How to Make an Easy Outdoor Succulent Container Garden

Create your own outdoor succulent garden with a container you probably already have in your home or garage. We can help you put together a low-maintenance garden even if you're a succulent newbie.

Succulents are all you need to create easy-to-care-for container gardens. Tough desert species like Echeveria, Agave, Sedum, and Kalanchoe are colorful and resistant to heat, drought and neglect. Almost any vessel can be used to create a cool succulent container garden. Just make sure it provides good drainage. A leaky birdbath, colander, a rusty bucket, or even an old lunchbox will do. Vintage and salvaged finds pair perfectly with the funkiness shapes and colors of succulents. If your container doesn’t have an escape route for water, drill or puncture several holes in the bottom. Cover the existing or added holes with wire screen to keep your soil from washing away. Follow the simple steps below to create your own succulent container garden today.

  • Working Time 30 Minutes
  • Difficulty         Projects Easy
  • Involves Planting, Drilling

What you need

Tools

  • Gardening gloves
  • Cordless drill and bit
  • Watering can

Materials

  • Succulents
  • Container
  • Wire screen
  • Potting soil for cacti and succulents
  • Small rocks or pea gravel

How to do it

Step 1 Fill Your Container with Dirt

To get started, fill your container with potting soil, or a mix made for cacti. It’s important to use the right soil for your plants to ensure they are getting the proper nutrients and drainage to keep them healthy. Cactus potting soil is designed to keep roots from sitting in too much moisture, which can cause rot that will kill your succulents. You can make your own potting soil for succulents by mixing potting soil, course sand and perlite (a soil amendment that looks a bit like crushed foam) in a 3:2:1 ratio.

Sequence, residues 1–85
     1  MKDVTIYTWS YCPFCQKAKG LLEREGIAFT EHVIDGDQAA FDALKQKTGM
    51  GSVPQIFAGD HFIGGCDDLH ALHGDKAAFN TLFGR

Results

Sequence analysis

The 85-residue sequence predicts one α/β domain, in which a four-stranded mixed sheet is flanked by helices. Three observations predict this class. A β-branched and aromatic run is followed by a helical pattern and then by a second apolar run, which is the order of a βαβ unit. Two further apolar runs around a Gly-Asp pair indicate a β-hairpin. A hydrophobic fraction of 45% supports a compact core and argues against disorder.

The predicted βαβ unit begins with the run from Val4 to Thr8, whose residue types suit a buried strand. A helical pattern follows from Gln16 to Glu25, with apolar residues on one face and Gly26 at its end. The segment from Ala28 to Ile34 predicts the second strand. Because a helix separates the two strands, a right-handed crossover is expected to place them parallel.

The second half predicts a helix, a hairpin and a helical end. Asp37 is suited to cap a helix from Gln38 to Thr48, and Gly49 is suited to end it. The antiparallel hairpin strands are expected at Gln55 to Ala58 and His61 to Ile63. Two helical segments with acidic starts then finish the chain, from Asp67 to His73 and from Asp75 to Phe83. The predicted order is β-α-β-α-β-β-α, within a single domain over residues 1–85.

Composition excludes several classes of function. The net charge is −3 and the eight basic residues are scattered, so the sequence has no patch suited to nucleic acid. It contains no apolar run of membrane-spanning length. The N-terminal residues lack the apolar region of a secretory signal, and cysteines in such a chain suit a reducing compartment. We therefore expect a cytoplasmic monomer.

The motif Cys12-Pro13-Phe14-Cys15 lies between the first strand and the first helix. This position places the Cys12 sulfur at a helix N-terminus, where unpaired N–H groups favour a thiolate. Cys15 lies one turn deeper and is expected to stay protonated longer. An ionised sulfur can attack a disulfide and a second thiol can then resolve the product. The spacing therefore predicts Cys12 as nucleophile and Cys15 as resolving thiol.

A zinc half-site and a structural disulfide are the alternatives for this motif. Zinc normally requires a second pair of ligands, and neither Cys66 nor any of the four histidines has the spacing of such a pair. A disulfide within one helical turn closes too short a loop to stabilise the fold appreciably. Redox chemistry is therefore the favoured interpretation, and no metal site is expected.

Step 2 Place Your Plants

Dig a hole the depth of the nursery pot, remove the plant, and set it in the hole pressing down the soil with your hands to eliminate air pockets. Succulents are slow growers so go ahead and fill the container space by putting plants shoulder-to-shoulder if you like a very filled look, or give them some breathing room and fill the empty space with rocks or glass pebbles.

Step 3 Water Your Container Garden

Once you’ve finished planting, go ahead and give your succulents a good drink, but don’t overwater. Always let the soil thoroughly dry out between waterings and then soak them. A simple finger test will tell you when it’s time to water again. The great thing about succulents is they can go a week or more without water so you don’t have to worry about them dying while you’re on vacation!

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